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Why is Media Portrayal of Muslims So Negative? Journalists Weigh In

DN! in the NewsMarch 30, 2017
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    On Tuesday, March 29, Democracy Now!'s Nermeen Shaikh took part in an event hosted by the Duke Islamic Center examining the media's portrayal of Muslims.

    Claire Ballentine of the Duke Chronicle wrote:

    Media portrayal of the Islamic religion often focuses on terrorist groups or violence. A group of journalists gathered Tuesday to discuss why this is the case.

    Hosted by the Duke Islamic Center, the panel discussion featured four journalists with experience covering Muslim life—Abigail Hauslohner from the Washington Post, David Graham from The Atlantic, Nermeen Shaikh from Democracy Now!, an independent non-profit news organization, and Mehdi Hasan from Al Jazeera, a news organization based in Qatar.

    “There is an association between Muslims and violence that seems almost natural now,” Shaikh said.

    She argued that the media presents terrorist attacks by Muslims in an “ahistoric” manner—forgetting historical context and structural forces that influence individuals’ decisions to engage in terrorism.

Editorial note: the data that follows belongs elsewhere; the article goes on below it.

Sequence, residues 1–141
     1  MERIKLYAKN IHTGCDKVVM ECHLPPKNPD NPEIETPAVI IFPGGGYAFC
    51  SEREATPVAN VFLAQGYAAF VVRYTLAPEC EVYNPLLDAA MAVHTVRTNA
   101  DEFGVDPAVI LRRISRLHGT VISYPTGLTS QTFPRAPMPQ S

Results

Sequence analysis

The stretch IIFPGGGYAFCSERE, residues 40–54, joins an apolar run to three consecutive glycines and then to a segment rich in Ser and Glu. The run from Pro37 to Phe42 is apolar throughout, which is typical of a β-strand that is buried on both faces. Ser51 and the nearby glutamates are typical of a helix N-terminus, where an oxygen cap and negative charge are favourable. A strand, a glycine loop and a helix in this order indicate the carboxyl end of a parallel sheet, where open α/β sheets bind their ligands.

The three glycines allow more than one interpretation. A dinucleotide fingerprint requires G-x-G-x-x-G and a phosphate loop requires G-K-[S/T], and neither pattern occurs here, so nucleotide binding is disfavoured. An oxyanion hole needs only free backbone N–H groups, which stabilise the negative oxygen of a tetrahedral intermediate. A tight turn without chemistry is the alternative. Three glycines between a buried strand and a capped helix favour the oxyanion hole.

There is also a tendency to focus exclusively on suicidal bombings, which have drastically increased in recent years, Shaikh explained. From 1982 to 2001, there were a total of two suicide attacks in Afghanistan, Pakistan and Iraq, but from 2002 to 2014, there were 3,215 attacks in these countries, resulting in almost 30,000 deaths, she noted.

    However, she said media coverage portrays suicidal terrorism as much more horrifying than other forms of violence, such as drone attacks carried out by the U.S. government.

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    Nermeen Shaikh and two of the panelists were also interviewed on WUNC about the way the media reports on Muslims and Islam, and the consequences of that coverage.

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